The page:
The Effects of a Large River Impoundment on River Channel Complexity: Implications for Macroinvertebrate Community Structure (Poster)

Authors

  • Niall Clancy Montana State University, Bozeman
  • Eric Scholl Montana State University, Bozeman
  • Wyatt Cross Montana State University, Bozeman

Abstract

Nearly all major rivers are affected by impoundments or other forms of flow regulation. Downstream of dams, river geomorphology is often altered by changes in sediment load and flow regime, which may influence key habitats for biota. Our study examined the impact of Fort Peck Dam on downstream habitat complexity (i.e. proportion of off-channel habitats), and associated macroinvertebrate communities in the Missouri River, MT.  We used aerial imagery and GIS software to quantify habitat complexity at four sites between Fort Peck Dam and Lake Sakakawea. Additionally, macroinvertebrates were sampled in the main channel and off-channel habitats in April and July 2015 at the same locations as habitat quantification. Following sampling, macroinvertebrates were taken to the laboratory where they were counted, identified to the lowest practical taxonomic level (usually genus), and measured to the nearest millimeter to estimate biomass using length-mass regressions. Preliminary data indicate that the number and area of off-channel habitats were significantly reduced immediately beneath the dam. Additionally, off-channel habitats contained unique macroinvertebrate communities that had higher abundance and biomass estimates compared to macroinvertebrates in the main-channel. These communities were primarily dominated by oligochaetes and chironomid midges.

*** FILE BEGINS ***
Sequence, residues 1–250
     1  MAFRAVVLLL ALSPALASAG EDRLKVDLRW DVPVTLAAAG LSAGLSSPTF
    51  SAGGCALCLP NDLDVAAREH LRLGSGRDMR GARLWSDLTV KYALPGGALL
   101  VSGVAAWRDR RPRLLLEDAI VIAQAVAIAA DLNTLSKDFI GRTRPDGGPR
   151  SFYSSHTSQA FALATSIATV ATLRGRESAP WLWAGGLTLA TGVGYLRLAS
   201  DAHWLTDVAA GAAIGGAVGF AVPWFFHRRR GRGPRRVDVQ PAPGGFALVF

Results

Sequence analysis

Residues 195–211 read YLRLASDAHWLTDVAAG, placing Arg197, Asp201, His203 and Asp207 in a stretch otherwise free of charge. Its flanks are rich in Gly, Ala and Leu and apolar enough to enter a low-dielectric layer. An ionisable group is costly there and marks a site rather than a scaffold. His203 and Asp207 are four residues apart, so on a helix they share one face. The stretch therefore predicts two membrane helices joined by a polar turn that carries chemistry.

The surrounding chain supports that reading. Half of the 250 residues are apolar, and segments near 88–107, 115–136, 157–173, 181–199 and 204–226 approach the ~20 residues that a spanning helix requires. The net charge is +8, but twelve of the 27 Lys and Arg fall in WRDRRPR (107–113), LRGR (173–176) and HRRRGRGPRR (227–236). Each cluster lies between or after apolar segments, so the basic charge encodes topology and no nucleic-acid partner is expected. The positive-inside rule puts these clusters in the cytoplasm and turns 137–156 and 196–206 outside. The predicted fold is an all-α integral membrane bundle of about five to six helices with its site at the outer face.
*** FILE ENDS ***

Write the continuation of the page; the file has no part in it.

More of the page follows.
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Published

2016-12-31

Issue

Section

Montana Academy of Sciences [Poster Abstracts]